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Global stocks fell on Friday, capping their worst week since March as investors in the US and Europe fretted over the prospect of further interest rate increases and potential recession.
The Dow Jones Industrial Average fell 219.28 points, or 0.65 per cent, to 33,727.43. The S&P 500 slid 0.77 per cent to 4,348.33. The Nasdaq Composite closed lower by 1.01 per cent to end at 13,492.52.
All three major averages broke multi-week winning streaks. The S&P 500 lost about 1.4 per cent, ending five consecutive weeks of gains. The Nasdaq dropped 1.4 per cent, snapping an eight-week win streak and posting its worst weekly performance since March. The Dow was nearly 1.7 per cent lower, ending a three-week positive run.
The pullback was broad-based, with more than 400 stocks in the S&P 500 trading in negative territory. Information technology was among the biggest laggards, down more than 1 per cent.
Notably, shares in Nvidia, a major artificial-intelligence beneficiary, were down 1.9 per cent.
Meanwhile, Goldman Sachs shares declined after CNBC reported the investment bank likely faces a large writedown for its 2021 acquisition of fintech firm GreenSky. The stock was down 1.5 per cent, weighing on the Dow.
In addition, over the weekend, it has been reported that Goldman Sachs and JPMorgan Chase & Co are both reducing their investment banking workforce globally, with JPMorgan cutting around 40 bankers in North America and Goldman Sachs cutting managing directors worldwide, as both firms respond to a slowdown in dealmaking.
In contrast, CarMax shares jumped 10 per cent after the used car retailer exceeded first-quarter revenue expectations.
The FTSE All-World index, which tracks the largest companies globally, slid 1 per cent, bringing its weekly fall to 2.2 per cent — its worst performance since the US regional banking crisis began in March with the collapse of Silicon Valley Bank.
The Stoxx 600 slipped 0.3 per cent on Friday and 2.6 per cent over the week. The moves followed a week of hawkish signals from policymakers in the US and Europe, as central banks prioritised their battle against stubbornly high inflation even as several economic indicators pointed to a slowdown on both sides of the Atlantic.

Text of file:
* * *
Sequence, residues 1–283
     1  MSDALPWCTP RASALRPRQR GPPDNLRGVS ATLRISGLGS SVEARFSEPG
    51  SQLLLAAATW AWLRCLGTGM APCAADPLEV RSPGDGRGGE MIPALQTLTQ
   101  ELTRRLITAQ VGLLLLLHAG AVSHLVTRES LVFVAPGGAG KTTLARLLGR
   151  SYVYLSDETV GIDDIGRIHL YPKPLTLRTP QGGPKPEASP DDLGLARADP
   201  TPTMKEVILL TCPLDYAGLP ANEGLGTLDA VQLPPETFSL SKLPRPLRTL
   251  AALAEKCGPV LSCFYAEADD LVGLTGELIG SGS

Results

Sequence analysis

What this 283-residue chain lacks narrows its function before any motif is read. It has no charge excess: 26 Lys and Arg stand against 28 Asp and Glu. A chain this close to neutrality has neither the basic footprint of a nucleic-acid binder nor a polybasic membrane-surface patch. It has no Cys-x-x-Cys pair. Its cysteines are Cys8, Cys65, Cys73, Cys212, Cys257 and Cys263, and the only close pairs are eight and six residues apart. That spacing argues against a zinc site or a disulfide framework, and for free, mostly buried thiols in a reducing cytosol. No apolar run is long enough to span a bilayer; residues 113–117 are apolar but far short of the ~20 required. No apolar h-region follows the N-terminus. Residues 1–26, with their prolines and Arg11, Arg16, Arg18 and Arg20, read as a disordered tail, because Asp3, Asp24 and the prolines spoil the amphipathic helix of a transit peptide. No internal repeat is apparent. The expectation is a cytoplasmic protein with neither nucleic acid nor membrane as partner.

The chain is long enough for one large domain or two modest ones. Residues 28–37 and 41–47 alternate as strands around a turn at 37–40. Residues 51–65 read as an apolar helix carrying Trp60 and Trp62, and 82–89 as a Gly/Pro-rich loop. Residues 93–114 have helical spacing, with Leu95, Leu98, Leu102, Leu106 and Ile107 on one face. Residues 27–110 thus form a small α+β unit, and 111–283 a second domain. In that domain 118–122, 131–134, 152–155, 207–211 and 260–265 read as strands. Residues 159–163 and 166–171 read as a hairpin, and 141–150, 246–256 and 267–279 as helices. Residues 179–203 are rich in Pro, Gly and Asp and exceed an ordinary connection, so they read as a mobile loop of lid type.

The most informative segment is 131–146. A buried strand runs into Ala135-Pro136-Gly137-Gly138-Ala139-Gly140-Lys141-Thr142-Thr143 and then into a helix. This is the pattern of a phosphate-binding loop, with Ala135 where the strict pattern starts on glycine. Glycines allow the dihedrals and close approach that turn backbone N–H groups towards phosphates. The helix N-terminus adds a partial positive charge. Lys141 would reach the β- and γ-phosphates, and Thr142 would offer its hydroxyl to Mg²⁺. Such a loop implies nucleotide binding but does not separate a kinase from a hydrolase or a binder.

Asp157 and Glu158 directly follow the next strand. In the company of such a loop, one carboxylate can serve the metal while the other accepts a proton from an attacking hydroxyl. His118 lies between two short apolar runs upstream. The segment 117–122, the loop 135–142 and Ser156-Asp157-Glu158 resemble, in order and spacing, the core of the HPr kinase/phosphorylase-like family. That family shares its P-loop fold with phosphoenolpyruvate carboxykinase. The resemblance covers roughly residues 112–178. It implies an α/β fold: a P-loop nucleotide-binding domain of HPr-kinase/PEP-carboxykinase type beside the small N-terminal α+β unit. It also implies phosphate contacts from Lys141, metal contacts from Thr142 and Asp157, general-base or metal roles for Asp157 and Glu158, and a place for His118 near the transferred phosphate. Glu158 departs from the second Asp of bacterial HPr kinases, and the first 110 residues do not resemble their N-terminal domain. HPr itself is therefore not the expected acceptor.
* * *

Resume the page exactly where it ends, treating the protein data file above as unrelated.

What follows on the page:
On the EU front, France and Germany, along with other EU countries, are pushing for aluminium to be classified as a "strategic" raw material, which would result in faster permit procedures and increased financing for the industry, aiming to enhance the EU's green economy and reduce reliance on countries such as China.
Overall, all US sectors closed lower on Friday. Utilities was the worst, whilst Communication Services recorded the fewest gains.
The SPI futures are pointing to a 0.23 per cent fall
One Australian dollar at 7:20 AM was buying 66.81 US cents.
Gold has gained 0.31 per cent. Silver has dropped 0.53 per cent. Copper has lost 2.18 per cent. Oil is down 0.50 per cent.
Figures around the globe
Across the Atlantic, European markets closed lower on Friday. London’s FTSE fell 0.54 per cent, Frankfurt lost 0.99 per cent while Paris closed 0.55 per cent lower.
Turning to Asian markets, Tokyo’s Nikkei lost 1.45 per cent, Hong Kong’s Hang Seng lost 1.71 per cent and China’s Shanghai Composite was closed due for the Dragon Boat Festival.
On Friday, the Australian sharemarket closed 1.34 per cent lower at 7,099.23.
Sources: Bloomberg, FactSet, IRESS, TradingView, UBS, Bourse Data, Trading Economics, CoinMarketCap.
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Source: Finance News Network